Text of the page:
Goldman feels the heat in Asia as IPO engine slows
By Denny Thomas and Sumeet Chatterjee
HONG KONG (Reuters) - Goldman Sachs failed to make it to the upper echelon of Asia's equity market fee earners for the first time in more than a decade, hit by a squeeze in fees that is prompting the U.S. bank to cut back jobs in the region.
Goldman has shared dominance of the Asia Pacific equity capital market arena with UBS and Morgan Stanley since clinching the mandate for China's first privatization in 1997.
But increased competition from Chinese rivals and a dearth of the blockbuster deals it has previously relied on to make money in Asia are putting pressure on global investment banking powerhouses such as Goldman, quarterly Thomson Reuters data shows.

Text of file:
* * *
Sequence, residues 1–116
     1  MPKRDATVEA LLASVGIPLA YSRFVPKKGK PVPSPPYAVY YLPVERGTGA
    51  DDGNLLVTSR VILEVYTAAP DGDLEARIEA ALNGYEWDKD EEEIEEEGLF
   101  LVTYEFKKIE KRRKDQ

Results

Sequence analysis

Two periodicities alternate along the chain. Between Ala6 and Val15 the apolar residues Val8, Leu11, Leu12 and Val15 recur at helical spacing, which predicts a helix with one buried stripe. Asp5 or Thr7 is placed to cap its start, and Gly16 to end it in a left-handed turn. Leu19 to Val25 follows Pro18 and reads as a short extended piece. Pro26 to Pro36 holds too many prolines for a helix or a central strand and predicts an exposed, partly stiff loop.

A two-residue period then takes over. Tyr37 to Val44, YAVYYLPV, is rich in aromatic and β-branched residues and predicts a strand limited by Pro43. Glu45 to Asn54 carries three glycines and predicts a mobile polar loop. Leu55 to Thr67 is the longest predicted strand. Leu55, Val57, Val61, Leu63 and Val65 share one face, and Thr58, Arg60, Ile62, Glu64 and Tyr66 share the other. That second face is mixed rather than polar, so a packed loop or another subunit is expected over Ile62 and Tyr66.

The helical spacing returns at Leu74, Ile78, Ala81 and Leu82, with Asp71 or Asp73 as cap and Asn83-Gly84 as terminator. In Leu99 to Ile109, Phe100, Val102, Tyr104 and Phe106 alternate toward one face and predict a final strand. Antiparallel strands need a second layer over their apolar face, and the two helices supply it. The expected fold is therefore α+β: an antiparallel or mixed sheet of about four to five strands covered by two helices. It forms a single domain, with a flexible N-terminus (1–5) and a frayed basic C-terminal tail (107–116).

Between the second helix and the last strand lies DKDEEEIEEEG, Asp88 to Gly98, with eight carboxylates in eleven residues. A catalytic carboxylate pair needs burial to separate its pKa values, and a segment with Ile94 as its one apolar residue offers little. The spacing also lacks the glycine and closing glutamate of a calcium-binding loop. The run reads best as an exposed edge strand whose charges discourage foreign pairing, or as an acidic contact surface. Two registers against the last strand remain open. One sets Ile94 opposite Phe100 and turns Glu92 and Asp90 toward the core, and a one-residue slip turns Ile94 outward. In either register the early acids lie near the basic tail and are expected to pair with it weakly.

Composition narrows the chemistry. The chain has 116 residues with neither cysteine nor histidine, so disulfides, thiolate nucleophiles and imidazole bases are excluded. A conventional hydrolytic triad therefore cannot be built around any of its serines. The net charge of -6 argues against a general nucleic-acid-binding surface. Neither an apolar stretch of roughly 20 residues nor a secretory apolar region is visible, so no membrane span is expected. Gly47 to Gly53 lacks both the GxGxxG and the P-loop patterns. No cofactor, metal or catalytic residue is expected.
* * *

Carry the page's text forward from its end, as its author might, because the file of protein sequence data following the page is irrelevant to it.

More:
"The value, the opportunity in the market has vaporized," said Keith Pogson, EY Asia Pacific financial services senior partner. "You cannot sustain a big-hitting team with seven-figure salaries if you are not going to hit the ball out of the stadium."
IPO activity in Asia Pacific fell 13.2 percent in the first nine months of the year to the weakest level since 2013.
While maintaining its leadership in terms of volumes in M&A advisory in Asia Pacific, excluding Japan, Goldman slipped to No. 4 in the equity capital market (ECM) Thomson Reuters league table in the first nine months of the year, from first in 2015.
The New York-based bank saw a 73 percent slump in the volume of Asia Pacific ECM deals it worked on, the sharpest fall among the top 10 equity underwriters in the region, closely followed by UBS with a 71 percent tumble.
China's CITIC Securities Co Ltd clinched the top slot in the ECM rankings, followed by Morgan Stanley and UBS. Continued...